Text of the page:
It's been quite a year of parties in Argentina. First an Argentine Pope, now an Argentine manager of Barcelona. The fact that both have down-to-earth, soft-spoken public images hasn't stopped the public in their home country from celebrating both appointments in a big way. Of course, for a lot of people in Spain and Europe the main exclamation has been, "Who's he?" Well, wonder no more. Welcome Gerardo Martino...
Marcotti: Barcelona's future
Report: Gerardo Martino to Barcelona
Although not a household name in Europe, Barcelona could scarcely be appointing a manager whose style is more in line with their identity. The tactical vision that's guided Barca since Pep Guardiola took charge has been one of bielsismo -- the high-pressing, possession-based ideas espoused by Guardiola's idol, Marcelo Bielsa.
A link will already be clear to some readers; Martino arrives in Barcelona from Newell's Old Boys, where Bielsa is so adored that their stadium was renamed after him in 2009. After playing for them, Bielsa enjoyed his first managerial successes with Newell's. Martino, an elegant playmaker, was a vital part of the team that won the Torneo Apertura title in 1991, though he left for Tenerife before the overall 1991-92 championship was confirmed with a win in a playoff over 1992 Clausura winners Boca Juniors.
The Newell's link is a major reason for Martino's appointment. Lionel Messi is a lifelong Newell's fan -- it was in their youth ranks that he started playing before the club's lack of finances to fund his hormone treatment necessitated a move abroad -- and his father, Jorge, holds Martino as his favourite player. With Neymar's arrival in Catalonia and Messi's (personally) underwhelming finish to the 2012-13 season, the Barca board are eager to keep their most important player as happy as possible.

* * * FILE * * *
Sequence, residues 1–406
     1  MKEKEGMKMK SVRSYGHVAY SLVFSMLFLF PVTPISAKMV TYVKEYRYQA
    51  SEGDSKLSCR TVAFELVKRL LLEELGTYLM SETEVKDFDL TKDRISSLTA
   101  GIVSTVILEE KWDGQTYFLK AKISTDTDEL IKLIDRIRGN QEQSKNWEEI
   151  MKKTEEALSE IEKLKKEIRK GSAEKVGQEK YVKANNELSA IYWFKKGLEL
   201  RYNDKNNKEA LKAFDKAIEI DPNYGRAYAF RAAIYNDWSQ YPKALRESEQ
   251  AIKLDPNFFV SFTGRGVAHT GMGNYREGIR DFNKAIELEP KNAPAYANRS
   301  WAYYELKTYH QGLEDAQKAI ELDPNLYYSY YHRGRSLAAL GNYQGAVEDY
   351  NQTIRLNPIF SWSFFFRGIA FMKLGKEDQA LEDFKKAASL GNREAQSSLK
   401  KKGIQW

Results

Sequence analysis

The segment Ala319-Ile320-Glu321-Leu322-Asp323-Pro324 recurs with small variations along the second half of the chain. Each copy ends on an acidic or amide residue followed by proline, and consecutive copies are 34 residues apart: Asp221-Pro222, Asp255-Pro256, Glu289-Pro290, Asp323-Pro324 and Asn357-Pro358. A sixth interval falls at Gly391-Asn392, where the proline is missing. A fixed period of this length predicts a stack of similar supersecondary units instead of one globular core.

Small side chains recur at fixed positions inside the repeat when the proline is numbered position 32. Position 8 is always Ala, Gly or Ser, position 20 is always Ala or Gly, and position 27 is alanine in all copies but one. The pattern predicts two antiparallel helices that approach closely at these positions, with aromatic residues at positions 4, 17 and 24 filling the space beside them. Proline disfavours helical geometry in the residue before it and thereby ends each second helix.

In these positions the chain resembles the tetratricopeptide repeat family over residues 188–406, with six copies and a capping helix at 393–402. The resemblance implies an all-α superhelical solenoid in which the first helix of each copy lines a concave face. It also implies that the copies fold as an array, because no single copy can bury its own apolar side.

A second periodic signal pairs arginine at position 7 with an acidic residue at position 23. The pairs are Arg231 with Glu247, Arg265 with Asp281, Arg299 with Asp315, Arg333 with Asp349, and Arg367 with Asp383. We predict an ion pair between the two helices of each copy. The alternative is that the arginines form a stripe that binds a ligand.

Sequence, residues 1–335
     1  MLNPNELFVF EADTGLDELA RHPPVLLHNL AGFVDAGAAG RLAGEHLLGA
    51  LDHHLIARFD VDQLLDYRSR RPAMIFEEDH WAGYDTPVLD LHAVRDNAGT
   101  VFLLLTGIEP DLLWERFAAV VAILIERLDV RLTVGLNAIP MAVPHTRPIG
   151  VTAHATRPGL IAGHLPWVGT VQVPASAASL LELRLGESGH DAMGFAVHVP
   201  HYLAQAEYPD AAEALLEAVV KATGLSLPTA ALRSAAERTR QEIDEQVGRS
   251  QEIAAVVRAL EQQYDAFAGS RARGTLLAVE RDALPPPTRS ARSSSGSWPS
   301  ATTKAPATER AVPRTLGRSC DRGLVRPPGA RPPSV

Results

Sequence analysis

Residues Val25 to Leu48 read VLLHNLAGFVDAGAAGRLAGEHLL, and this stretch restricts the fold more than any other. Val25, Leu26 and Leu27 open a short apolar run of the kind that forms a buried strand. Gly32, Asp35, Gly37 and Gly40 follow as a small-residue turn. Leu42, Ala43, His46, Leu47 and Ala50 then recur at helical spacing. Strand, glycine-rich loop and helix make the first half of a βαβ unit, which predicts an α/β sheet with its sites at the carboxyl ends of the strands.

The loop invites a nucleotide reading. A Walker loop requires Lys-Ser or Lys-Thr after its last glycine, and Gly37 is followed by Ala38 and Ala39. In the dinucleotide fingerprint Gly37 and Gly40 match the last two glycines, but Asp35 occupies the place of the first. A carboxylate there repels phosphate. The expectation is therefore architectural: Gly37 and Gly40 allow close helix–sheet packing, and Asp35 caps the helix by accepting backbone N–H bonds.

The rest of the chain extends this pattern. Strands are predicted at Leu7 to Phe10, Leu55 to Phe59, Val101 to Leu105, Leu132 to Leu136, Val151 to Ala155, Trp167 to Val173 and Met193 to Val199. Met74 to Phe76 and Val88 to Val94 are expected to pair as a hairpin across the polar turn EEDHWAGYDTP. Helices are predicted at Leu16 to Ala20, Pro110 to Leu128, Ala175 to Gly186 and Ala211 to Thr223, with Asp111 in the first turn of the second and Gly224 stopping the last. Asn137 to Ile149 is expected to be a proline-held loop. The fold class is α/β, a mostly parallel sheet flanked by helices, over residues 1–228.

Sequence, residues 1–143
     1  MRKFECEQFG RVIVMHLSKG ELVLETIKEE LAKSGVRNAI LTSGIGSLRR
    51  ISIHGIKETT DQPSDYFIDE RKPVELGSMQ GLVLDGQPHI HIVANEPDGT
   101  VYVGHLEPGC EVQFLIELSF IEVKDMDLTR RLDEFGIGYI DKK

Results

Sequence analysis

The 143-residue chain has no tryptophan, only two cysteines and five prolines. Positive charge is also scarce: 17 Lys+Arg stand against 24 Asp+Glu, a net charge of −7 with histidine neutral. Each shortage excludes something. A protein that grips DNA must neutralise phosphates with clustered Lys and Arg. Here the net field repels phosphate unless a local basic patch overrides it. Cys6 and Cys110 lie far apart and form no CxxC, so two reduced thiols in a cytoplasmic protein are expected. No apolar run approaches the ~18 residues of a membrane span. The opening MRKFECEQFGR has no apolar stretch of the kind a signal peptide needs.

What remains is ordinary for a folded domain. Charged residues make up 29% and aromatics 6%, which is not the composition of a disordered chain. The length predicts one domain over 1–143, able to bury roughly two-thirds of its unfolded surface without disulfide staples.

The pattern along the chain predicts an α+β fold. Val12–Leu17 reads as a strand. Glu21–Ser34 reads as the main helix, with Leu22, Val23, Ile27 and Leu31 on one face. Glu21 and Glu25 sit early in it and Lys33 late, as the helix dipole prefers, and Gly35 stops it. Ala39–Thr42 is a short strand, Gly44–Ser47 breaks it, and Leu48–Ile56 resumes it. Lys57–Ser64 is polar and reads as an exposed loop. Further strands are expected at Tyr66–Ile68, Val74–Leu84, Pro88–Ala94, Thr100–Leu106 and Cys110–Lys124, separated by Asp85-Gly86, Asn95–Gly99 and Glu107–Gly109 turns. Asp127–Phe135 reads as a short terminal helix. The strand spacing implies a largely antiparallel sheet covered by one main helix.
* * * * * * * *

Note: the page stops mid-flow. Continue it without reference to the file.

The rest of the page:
Martino started managing in Argentina's lower divisions in 1998, but it was when he moved to Paraguay in 2002 that he had his first major success. He won four league titles in five years with Libertad and Cerro Porteño, including in two consecutive seasons (2003 and 2004, one with each club) in which his side won the overall season title by virtue of winning each year's "short" championships.
While his sides in the domestic league were nearly always either first- or second-top scorers, his time in charge of the Paraguayan national side was by necessity more pragmatic. Libertad and Cerro are -- along with this week's Copa Libertadores finalists, Olimpia -- two of the three giants of Paraguayan football. However, Paraguay don't have a great standing in the international game and thus the coaching responsibilities represented a very different challenge. That too, Martino's most internationally visible achievement -- taking Paraguay to the 2010 World Cup in South Africa -- was made much harder in the build-up to the tournament when in January 2010, his most important attacker, Salvador Cabanas, was shot in the head in a Mexico City nightclub (Cabanas, incredibly, returned to football in April of last year and now plays for his local club in Paraguay's third division).